Measure ULA, commonly known as the “mansion tax,” would impose a new “Homelessness and Housing Solutions Tax” on transfers of residential and commercial real property in the city of Los Angeles valued in excess of $5 million.
Under the measure, sales of residential and commercial real property valued at over $5 million but less than $10 million would be subject to an additional tax at the rate of 4%, while sales of properties valued at $10 million or more would be subject to an additional tax at the rate of 5.5%. The new tax would apply to the entirety of the sale value, not solely the amount in excess of the $5 million and $10 million thresholds, and regardless of whether the property is sold at a gain or a loss. The thresholds would be adjusted each year based on inflation. The tax would apply to property sales occurring on or after April 1, 2023.
The new tax would be in addition to the existing documentary transfer tax imposed on property sales in the city of Los Angeles, which is imposed at a combined city and county rate of 0.56%.
This tax will have a negative impact on property sales, especially industrial real estate sales given they are generally sold at a higher value than many other types of properties. The tax could possibly make properties in the City of L.A. less attractive to buy.
Who will end up paying the new real estate transfer tax? Below are the percentage of sales based on recent data for each property type.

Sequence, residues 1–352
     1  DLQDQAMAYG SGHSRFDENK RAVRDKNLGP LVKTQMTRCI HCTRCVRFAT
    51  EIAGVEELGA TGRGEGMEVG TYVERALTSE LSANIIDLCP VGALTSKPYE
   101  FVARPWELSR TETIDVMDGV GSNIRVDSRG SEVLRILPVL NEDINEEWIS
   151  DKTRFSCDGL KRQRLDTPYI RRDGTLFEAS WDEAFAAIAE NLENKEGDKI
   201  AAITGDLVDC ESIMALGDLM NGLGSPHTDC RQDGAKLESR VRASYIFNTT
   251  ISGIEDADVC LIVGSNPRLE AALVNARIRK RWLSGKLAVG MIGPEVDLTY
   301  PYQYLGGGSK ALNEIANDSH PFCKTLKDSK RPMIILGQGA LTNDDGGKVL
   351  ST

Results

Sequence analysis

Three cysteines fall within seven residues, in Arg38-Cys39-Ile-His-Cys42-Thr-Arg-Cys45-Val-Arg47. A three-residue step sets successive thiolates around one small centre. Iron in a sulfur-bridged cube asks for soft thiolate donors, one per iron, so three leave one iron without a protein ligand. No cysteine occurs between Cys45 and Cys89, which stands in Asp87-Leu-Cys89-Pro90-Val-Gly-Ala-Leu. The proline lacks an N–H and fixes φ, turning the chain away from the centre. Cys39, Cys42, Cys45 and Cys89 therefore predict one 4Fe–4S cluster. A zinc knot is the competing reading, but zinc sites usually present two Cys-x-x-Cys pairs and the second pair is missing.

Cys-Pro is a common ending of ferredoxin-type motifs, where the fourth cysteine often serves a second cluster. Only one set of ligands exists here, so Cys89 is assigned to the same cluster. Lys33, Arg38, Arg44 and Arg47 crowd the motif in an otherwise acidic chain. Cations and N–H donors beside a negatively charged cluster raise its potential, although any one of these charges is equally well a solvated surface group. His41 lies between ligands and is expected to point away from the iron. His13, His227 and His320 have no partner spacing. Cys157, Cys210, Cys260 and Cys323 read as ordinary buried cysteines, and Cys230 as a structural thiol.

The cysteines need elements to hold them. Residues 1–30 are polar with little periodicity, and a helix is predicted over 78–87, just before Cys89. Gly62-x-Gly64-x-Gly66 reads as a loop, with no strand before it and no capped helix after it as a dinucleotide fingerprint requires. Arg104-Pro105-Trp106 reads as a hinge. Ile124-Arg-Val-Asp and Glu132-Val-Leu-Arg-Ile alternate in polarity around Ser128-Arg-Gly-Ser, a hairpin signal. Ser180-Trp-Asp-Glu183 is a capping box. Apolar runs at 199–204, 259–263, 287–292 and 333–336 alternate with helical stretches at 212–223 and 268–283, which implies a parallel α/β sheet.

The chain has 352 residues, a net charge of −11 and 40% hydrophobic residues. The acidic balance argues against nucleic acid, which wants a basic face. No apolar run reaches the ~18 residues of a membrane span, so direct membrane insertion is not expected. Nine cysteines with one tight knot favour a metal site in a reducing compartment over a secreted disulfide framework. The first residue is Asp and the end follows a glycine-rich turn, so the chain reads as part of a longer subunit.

- Single-Family Residences and Condos: 2.6%.
- Multi-Family Apartment Buildings: 6%
- Commercial (office buildings, retail, etc.): 11%
- Industrial: 19%
- Other (vacant land, utilities, etc): 1.9%
The ordinance exempts certain transfers from the ULA Tax. Transfers to non-profit entities, Community Land Trusts, and Limited-Equity Housing Cooperatives are exempt, as these are the types of transactions the City is intending to encourage.
On December 21, 2022, the Howard Jarvis Taxpayers Association and the Apartment Association of Greater Los Angeles brought suit in state court challenging the validity of the ULA Tax. Plaintiffs argue that the ULA Tax is a “specific tax” prohibited by the California Constitution on the grounds that ULA Tax revenue must be used for specific purposes. The litigation is currently pending.
Above data from An Analysis of Measure ULA, by UCLA Lewis Center.